25 October, 2017
The 49th session of An Author’s Afternoon was all about an ordinary girl’s extra-ordinary life. Sister Nivedita formed the crux of the discussion at the session sponsored by Shree Cement and organized by Prabha Khaitan Foundation in association with t2, Taj Bengal and Siyahi.
Guest Author Reba Som’s latest book Margot: Sister Nivedita of Vivekananda traces the journey of Margaret (Margot) Elizabeth Noble's life and her transformation to Sister Nivedita who left her home in Ireland to embrace India and Hinduism. She was more nationalist than most Indians. Her fascinating life crossed paths with the likes of Swami Vivekananda, Tagore, Jagdish Chandra Bose, Rishi Aurobindo and many other illustrious personalities of her time.
Reba Som wears many hats – an academic, author, historian and classical singer. Reba was in conversation with academician and educationist, Mrs Bharati Ray.
It was a scintillating discussion by two very talented ladies about one of the greatest women social workers of India – Sister Nivedita. Excerpts from the book by Reba Som whetted the audience’s desire to read the book. Reba, in her book, sees Sister Nivedita as a karma yogi. The analysis of how Nivedita came to adore ‘Kalika’ was simply stimulating.The book revealed many aspects.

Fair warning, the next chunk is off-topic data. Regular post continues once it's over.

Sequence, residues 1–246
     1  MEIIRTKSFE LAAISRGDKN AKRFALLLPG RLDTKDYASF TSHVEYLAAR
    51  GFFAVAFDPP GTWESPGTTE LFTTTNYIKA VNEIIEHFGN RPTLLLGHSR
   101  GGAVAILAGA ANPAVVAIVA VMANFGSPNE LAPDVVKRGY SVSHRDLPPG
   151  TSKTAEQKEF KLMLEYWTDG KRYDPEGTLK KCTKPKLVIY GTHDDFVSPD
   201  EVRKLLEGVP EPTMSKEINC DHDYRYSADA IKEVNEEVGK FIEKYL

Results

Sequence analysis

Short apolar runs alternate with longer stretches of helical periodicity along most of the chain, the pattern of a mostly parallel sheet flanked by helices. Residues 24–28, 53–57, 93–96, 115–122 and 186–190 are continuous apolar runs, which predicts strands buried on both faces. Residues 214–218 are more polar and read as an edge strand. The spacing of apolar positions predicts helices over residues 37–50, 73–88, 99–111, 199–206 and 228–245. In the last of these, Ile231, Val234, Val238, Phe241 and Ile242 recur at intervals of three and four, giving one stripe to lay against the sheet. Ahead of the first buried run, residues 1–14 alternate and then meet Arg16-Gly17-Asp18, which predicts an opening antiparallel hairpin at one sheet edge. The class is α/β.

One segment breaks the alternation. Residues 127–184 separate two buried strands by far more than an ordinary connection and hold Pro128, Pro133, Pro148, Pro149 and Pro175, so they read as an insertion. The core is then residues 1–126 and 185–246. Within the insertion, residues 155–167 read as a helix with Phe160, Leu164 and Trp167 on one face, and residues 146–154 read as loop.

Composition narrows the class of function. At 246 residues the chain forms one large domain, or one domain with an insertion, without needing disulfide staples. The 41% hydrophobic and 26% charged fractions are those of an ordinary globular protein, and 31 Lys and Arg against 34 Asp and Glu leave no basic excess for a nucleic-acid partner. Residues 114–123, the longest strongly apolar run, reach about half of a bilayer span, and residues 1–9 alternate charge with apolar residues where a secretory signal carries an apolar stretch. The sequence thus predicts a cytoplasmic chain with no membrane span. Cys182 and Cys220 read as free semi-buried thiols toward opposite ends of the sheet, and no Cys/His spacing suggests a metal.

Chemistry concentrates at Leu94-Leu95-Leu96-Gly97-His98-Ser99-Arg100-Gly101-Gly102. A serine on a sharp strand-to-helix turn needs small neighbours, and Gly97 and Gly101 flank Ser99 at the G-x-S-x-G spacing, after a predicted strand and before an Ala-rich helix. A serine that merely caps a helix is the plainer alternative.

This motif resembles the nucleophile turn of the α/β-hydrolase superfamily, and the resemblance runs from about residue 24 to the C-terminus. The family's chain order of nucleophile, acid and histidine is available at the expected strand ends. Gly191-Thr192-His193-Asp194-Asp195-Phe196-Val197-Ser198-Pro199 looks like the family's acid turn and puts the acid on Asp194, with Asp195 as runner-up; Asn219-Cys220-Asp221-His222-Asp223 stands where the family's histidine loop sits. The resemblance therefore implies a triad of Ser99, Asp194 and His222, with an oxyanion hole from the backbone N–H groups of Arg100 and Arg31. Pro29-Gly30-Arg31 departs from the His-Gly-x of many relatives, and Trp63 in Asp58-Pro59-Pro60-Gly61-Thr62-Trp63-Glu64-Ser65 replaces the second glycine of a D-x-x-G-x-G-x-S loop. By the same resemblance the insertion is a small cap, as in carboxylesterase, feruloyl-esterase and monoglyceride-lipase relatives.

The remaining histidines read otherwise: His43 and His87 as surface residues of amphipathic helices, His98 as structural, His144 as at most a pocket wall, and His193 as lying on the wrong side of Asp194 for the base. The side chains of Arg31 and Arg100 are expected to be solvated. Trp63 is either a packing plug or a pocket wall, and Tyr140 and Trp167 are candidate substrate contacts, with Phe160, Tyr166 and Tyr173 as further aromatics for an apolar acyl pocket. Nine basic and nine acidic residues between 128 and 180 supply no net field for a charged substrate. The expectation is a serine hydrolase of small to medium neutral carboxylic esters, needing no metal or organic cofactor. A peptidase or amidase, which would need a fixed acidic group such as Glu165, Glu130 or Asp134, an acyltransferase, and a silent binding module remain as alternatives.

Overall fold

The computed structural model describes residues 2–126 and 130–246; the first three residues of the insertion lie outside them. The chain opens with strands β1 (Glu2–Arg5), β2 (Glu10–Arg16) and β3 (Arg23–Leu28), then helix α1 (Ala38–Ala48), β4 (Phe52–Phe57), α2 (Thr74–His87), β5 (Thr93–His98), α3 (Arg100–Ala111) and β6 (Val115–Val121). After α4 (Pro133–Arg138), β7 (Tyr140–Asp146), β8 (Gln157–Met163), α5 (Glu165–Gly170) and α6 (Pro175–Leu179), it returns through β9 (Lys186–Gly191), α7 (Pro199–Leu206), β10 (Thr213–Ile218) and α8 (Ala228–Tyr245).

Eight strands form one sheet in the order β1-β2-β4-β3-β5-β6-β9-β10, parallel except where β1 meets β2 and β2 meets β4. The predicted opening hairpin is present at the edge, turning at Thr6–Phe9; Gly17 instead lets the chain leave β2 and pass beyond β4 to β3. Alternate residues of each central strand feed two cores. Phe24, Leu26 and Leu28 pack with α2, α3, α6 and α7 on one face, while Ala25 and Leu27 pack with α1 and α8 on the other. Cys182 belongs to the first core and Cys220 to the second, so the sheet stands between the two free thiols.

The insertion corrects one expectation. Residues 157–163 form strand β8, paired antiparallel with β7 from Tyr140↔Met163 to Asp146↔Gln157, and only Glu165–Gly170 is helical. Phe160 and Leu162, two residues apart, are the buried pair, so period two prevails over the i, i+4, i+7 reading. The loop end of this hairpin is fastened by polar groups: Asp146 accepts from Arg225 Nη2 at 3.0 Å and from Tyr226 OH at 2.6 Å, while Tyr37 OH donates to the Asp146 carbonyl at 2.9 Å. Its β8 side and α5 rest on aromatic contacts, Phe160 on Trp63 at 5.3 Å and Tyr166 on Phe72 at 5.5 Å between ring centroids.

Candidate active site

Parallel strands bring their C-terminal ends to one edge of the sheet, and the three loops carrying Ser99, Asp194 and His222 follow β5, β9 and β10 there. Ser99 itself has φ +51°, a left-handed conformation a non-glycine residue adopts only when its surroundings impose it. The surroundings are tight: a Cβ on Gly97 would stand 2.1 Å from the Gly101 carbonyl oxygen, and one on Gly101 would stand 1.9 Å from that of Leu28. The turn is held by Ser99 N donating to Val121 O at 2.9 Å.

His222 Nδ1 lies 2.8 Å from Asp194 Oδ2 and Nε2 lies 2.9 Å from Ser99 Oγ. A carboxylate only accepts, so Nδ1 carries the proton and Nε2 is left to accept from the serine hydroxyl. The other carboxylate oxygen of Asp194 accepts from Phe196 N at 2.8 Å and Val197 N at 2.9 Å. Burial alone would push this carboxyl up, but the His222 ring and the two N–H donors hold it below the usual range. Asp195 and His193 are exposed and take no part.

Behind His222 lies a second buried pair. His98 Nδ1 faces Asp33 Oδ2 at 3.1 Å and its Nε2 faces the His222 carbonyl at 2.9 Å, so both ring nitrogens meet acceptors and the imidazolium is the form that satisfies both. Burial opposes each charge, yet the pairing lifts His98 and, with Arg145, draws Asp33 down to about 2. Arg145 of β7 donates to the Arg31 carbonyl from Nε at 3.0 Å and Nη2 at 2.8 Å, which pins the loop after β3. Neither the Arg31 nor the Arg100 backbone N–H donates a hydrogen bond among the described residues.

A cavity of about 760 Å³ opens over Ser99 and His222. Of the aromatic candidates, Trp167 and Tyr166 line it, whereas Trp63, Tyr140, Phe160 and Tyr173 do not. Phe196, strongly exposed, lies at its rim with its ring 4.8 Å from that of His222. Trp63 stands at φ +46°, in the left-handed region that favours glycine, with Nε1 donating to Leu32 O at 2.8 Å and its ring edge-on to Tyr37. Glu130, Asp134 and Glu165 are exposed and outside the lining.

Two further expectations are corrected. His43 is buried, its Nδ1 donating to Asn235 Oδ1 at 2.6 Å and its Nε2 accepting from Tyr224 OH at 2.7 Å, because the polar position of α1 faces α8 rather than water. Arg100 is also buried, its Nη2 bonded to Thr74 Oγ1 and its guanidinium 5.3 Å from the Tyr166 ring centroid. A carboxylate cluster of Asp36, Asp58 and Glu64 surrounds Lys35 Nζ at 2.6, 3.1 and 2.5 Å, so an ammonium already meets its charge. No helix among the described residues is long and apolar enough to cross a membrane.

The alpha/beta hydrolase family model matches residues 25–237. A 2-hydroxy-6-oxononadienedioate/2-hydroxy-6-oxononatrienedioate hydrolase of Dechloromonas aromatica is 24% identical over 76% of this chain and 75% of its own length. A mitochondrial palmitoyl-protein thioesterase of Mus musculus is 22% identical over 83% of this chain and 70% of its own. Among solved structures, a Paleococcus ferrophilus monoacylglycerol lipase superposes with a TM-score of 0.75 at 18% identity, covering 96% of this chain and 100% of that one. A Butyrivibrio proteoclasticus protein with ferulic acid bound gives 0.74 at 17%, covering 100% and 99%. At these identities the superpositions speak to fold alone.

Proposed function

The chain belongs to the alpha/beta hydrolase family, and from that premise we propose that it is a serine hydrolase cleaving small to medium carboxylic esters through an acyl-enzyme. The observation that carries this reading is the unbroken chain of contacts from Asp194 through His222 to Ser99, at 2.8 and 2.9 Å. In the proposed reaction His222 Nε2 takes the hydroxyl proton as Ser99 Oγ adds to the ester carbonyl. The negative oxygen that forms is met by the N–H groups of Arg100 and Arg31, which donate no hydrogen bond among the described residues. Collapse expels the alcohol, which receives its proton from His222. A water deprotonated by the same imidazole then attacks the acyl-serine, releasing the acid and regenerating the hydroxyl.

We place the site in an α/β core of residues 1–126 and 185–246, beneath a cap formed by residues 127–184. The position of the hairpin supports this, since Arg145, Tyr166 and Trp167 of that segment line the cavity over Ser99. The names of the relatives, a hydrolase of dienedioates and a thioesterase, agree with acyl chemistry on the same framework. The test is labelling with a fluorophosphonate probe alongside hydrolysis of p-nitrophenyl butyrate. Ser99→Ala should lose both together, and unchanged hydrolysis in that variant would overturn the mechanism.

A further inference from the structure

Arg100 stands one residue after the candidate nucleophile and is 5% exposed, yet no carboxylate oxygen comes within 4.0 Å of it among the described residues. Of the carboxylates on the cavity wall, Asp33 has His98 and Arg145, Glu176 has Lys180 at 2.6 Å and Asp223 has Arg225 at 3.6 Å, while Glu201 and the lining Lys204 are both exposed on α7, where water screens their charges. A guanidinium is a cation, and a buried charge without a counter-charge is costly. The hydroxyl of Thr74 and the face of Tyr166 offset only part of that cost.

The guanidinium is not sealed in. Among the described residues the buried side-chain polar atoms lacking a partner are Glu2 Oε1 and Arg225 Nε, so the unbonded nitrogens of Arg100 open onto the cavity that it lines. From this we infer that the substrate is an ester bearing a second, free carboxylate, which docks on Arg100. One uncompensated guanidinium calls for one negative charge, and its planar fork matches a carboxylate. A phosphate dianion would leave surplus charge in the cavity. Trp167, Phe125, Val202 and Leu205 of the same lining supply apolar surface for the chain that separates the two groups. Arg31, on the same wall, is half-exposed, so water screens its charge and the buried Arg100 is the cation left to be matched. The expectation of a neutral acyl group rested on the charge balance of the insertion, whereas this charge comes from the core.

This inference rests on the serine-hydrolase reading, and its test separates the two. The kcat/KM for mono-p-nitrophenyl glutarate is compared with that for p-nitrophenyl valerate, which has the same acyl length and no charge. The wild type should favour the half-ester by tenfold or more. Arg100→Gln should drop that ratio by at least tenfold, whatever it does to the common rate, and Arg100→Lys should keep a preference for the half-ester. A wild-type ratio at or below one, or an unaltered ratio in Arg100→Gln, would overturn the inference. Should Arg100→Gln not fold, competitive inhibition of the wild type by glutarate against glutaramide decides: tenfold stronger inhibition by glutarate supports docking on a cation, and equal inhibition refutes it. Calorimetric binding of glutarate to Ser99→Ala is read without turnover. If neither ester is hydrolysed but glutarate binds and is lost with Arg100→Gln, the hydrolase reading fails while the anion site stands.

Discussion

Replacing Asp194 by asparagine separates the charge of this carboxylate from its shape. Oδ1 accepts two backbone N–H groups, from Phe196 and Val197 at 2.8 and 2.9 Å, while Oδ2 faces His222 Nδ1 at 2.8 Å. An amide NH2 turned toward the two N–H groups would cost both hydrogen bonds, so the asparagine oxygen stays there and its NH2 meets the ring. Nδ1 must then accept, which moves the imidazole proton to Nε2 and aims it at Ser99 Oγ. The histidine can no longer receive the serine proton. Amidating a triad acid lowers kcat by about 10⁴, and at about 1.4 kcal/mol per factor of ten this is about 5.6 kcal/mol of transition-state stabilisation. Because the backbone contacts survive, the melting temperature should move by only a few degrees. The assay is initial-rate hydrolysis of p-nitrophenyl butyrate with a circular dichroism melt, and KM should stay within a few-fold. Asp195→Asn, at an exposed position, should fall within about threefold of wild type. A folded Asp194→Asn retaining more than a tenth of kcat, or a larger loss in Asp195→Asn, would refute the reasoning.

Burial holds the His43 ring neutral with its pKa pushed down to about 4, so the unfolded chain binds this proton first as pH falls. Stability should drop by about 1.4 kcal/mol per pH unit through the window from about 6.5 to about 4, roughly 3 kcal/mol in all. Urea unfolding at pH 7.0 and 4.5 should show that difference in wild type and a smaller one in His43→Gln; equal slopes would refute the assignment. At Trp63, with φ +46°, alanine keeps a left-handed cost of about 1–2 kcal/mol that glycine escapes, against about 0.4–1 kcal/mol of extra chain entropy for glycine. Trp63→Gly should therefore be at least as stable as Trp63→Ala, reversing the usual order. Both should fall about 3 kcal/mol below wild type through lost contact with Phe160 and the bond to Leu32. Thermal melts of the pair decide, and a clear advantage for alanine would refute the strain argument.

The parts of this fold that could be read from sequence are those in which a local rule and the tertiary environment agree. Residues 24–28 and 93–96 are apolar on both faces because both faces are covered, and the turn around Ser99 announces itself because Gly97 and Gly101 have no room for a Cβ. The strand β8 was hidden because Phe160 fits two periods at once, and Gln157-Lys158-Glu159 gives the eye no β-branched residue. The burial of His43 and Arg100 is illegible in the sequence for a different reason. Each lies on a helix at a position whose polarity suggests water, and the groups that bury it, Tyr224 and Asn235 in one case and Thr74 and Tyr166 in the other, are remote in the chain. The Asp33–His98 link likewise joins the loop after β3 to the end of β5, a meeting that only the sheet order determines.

This afternoon conversation unveiled some unknown aspects of the feisty lady who insisted the artists like Abanindranath Thakur and Nandalal Bose to search the root of art and culture by visiting Ajanta. She had a different sketch of nationalism outlined as ‘civilizational unity’, developed from Ramayana and Mahabharata, that differed from that of Rabindranath. The author’s research revealed how the Nobel laureate Rabindranath Tagore edited his novel Gora after his interaction with Sister Nivedita. Globetrotter Reba Som translated lyrics of Rabindra Sangeet to spread its reach throughout the world. Her tribute to Nivedita, is preceded by her other books on eminent Indians like Differences within Consensus, Subhas Chandra Bose and the Resolution of the Women’s Question, Gandhi, Nehru and Bose, Rabindranath Tagore: The Singer and his Song.